Most trees in Ku-ring-gai are protected to ensure Ku-ring-gai's tree and vegetation resources are managed sustainably and to maintain Ku-ring-gai's leafy character. Our Development Control Plans specify the guidelines for protecting trees and vegetation including when council permission is required for pruning or removing a tree.
Removing or pruning trees on private property
If you’d like to prune or remove a tree on private property, check the guidelines in the following documents first:
Find out which Local Environmental Plan covers my property
If your tree protection guidelines require you to get council permission prior to pruning or removing a tree, submit a Request for Tree Works form. We will consider your application against the Assessment Guidelines for Trees on Private Land.
Ku-ring-gai also has many heritage items and heritage conservation areas where trees and vegetation are an important aspect of their character. Tree works in such areas, other than works for minor maintenance, may require development consent from Council.
10/50 vegetation clearing
The 10/50 vegetation clearing rule and Code of Practice has been developed by the NSW Rural Fire Service to permit landowners in certain areas to undertake vegetation clearing on their own land around residential accommodation and high risk facilities to reduce the risk of bush fire. Within these areas, the new laws override our tree protection guidelines (subject to compliance with the 10/50 Code of Practice).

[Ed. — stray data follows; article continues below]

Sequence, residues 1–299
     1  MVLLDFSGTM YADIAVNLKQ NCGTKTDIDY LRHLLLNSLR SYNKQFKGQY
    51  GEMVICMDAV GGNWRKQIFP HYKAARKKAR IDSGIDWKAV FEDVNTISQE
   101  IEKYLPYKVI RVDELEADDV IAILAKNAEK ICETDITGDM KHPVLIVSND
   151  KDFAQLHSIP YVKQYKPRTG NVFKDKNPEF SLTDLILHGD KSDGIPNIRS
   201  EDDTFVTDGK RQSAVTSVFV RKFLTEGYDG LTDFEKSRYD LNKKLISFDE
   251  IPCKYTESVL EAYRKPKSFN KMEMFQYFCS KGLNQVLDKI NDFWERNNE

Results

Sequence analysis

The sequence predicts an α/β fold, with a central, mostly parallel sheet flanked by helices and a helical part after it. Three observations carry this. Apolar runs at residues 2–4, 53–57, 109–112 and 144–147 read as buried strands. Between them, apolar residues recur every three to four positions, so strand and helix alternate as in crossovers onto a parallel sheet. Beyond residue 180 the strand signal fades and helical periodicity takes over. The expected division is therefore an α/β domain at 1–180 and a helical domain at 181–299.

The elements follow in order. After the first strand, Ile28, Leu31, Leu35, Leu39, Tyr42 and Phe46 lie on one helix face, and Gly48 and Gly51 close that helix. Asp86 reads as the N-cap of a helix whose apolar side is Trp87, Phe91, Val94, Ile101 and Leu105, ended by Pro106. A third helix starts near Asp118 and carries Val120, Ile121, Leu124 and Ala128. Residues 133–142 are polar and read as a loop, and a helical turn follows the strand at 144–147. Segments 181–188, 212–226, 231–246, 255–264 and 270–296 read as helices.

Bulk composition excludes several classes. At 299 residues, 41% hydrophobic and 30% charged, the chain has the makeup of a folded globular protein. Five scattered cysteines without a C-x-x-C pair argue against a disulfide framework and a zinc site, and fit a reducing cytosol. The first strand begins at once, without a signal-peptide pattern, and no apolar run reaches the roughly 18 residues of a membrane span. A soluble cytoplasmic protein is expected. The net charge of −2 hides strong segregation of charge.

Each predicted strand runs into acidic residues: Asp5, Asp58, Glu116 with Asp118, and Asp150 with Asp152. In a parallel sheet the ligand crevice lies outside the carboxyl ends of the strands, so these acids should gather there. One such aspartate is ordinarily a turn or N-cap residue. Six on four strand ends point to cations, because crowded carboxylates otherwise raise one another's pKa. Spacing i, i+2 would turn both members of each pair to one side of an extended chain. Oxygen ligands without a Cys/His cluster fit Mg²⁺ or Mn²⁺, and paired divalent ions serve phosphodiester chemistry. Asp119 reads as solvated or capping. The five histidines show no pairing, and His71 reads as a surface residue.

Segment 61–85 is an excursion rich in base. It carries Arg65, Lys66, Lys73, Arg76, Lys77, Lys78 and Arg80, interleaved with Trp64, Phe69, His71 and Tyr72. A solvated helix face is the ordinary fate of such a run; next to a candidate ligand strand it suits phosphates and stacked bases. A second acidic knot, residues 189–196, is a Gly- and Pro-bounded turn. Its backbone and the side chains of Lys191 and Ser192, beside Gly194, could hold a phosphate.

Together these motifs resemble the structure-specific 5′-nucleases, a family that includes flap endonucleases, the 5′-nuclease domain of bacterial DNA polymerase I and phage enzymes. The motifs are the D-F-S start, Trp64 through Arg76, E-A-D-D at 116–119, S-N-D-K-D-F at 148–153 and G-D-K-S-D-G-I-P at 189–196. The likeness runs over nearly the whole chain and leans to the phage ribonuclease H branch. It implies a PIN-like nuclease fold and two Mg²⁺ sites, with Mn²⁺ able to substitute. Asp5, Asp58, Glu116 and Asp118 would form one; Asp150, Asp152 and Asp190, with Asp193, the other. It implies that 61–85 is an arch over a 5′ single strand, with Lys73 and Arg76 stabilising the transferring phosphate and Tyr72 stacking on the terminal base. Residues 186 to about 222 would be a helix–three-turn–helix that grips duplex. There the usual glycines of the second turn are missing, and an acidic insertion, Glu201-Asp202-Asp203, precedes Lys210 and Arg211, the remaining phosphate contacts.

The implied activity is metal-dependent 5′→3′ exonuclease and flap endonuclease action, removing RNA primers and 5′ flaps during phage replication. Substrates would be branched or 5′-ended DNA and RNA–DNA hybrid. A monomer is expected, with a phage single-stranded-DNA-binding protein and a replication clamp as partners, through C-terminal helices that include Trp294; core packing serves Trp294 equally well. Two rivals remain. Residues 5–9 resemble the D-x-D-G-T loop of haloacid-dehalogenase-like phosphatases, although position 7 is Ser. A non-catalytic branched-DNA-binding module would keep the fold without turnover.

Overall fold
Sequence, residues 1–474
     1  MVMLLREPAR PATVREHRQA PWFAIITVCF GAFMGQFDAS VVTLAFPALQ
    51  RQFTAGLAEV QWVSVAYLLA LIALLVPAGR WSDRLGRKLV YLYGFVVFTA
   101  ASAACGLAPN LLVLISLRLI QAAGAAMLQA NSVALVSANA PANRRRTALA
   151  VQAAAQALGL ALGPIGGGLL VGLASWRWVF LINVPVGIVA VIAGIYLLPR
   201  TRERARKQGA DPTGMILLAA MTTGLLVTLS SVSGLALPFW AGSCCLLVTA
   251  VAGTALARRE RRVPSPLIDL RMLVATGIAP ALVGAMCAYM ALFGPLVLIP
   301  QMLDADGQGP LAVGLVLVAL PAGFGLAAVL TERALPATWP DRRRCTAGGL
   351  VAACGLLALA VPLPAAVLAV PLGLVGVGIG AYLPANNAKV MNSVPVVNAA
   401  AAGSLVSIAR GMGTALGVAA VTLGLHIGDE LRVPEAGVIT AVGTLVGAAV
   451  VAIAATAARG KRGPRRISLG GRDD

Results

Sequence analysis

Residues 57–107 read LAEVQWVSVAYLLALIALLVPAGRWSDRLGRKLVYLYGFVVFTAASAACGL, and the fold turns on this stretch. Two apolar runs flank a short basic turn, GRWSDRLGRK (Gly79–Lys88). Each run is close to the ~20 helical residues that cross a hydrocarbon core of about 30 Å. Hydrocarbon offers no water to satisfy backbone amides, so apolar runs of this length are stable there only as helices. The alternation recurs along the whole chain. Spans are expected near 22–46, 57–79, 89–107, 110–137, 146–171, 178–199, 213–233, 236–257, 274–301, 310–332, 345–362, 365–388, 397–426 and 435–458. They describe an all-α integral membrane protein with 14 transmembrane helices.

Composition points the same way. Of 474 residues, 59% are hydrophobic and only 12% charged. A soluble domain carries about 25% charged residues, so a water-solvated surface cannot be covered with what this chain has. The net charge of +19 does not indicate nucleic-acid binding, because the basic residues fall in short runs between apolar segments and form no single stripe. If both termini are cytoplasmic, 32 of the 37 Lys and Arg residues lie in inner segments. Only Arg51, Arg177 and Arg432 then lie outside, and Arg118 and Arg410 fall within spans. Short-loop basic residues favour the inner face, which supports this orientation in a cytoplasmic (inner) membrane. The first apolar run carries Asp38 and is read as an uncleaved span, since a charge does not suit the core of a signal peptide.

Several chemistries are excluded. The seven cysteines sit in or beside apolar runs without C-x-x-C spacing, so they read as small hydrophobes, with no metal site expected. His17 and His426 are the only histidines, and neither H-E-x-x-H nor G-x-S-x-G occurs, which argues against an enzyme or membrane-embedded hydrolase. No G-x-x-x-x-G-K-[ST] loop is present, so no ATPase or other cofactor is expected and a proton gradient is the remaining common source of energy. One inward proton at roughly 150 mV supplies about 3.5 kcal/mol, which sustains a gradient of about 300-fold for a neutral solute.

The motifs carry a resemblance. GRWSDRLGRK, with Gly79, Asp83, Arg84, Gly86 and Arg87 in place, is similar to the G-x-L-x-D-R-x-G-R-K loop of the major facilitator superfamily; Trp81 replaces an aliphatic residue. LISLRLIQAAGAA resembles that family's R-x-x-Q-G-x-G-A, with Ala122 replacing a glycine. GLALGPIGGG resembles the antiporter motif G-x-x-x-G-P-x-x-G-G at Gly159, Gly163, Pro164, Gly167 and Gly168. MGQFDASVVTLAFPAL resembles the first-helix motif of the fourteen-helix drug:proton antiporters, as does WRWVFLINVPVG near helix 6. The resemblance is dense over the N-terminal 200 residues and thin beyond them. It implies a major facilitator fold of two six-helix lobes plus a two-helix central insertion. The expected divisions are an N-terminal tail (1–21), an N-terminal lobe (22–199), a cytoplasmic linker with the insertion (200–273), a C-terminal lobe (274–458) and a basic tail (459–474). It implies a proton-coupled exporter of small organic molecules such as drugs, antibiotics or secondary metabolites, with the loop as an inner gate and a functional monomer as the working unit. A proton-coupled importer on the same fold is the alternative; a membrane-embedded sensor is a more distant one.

Please note that some trees/vegetation are still protected regardless of the 10/50 vegetation clearing rule and Code of Practice.
Learn more about the 10/50 rule
Trees on public property
Our tree teams look after public areas such as parks, sportsgrounds, golf courses and nature strips. We prune trees, collect fallen trees/branches, and remove dead or dangerous trees/branches in accordance with these guidelines.
Contact us to request tree maintenance in a public area
Trees in areas under development
To protect significant trees in areas under construction or development, we may establish a Tree Protection Zone. Usually fencing is placed around the trees and remains in place until work has finished.
Without these zones, the health and stability of trees could suffer from damage due to construction-related work, such as excavation or movement of heavy machinery.
Contact us for more information on trees and development
For information on tree disputes between neighbours view:
Trees (Disputes Between Neighbours) Act 2006
You can learn how to choose and look after native plants and receive gardening advice on what to plant and how to care for your garden.
Assessment Guidelines for Trees on Private Land
Advice on Choosing an Arborist